But even though there are other first nation folks that gave their okay, I do sympathize with even a minority if they say they are offended.  Its not worth arguing about. And I also see the value in promoting, and paying, actual first nations artists to design a mask with that theme. As well, it would hold a lot more meaning and power I think if designed by an established native artist.  And I'm not sure why Holtby did not first try and find a native artist who could draw a design up for him. 

 

I think it could be improved on. I liked the feathers on the side, but not too keen on the front, the way the Thunderbird image is placed, and the colours.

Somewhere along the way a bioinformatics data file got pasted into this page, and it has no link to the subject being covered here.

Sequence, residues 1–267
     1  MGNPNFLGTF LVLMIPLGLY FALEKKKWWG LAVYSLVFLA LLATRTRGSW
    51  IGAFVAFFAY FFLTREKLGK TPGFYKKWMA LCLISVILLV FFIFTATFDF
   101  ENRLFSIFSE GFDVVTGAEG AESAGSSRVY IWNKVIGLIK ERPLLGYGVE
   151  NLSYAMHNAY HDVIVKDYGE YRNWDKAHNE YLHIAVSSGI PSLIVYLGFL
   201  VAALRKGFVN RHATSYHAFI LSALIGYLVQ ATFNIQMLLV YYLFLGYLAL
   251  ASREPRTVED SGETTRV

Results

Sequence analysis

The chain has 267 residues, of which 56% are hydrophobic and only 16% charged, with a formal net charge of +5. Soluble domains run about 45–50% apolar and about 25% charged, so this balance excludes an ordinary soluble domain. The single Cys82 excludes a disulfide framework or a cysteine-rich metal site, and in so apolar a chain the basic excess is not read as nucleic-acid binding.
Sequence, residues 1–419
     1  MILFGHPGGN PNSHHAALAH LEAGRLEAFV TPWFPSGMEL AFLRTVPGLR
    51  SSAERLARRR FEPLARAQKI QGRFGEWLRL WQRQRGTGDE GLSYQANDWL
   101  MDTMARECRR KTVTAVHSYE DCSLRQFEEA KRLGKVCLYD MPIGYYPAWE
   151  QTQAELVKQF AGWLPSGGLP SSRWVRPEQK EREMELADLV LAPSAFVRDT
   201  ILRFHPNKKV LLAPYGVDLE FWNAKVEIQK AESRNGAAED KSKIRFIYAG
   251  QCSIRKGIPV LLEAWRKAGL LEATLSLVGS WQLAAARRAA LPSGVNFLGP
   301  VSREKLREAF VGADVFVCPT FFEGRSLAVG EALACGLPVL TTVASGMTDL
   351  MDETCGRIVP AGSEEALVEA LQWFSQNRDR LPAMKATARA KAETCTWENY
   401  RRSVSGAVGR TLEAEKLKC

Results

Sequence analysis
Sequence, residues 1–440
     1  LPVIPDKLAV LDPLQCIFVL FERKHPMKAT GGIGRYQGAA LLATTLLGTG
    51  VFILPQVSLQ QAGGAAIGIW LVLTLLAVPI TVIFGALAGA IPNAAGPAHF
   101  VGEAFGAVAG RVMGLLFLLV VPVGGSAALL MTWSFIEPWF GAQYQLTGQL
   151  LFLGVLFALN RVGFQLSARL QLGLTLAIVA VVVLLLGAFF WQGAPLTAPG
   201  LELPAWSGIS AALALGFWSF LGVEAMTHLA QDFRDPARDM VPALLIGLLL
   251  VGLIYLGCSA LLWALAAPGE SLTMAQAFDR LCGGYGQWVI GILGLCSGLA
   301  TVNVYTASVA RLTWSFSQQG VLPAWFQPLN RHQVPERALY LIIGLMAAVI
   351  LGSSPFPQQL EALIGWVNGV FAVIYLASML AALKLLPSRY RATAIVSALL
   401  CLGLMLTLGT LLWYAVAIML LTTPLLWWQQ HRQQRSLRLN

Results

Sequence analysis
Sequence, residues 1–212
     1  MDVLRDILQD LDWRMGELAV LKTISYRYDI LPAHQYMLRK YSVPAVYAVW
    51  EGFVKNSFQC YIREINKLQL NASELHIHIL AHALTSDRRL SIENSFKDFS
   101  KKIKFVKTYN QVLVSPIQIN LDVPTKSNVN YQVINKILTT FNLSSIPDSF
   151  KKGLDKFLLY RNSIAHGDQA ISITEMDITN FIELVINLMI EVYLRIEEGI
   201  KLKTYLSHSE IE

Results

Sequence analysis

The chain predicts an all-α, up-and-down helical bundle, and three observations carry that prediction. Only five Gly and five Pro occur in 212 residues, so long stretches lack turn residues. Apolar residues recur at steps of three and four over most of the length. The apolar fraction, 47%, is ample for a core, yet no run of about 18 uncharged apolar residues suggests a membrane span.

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On 12/21/2020 at 12:16 PM, VancouverHabitant said:

 

It’s great that a local artist gets to work on it, but this is just another step towards catering to the people that don’t do anything productive other then whine on Twitter.  
 

I know you didn't mean to come off sounding like a racist, but your sentence structure and the topic at hand makes you sound totally like a racist. 

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On 12/25/2020 at 9:20 AM, Gawdzukes said:

This stuff is just getting beyond stupid already. Let's just make all art illegal and call it a day.

you are counter-offended? lol.

 

I hate the mask that was done in west coast first nations stylings but done badly and horribly by an artist from northern Europe. 

 

I think if they want a mask that features west coast traditional art, go to the experts. 

 

Not sure what your thoughts are, but they seem to be very anti-local experts. Jus sayin.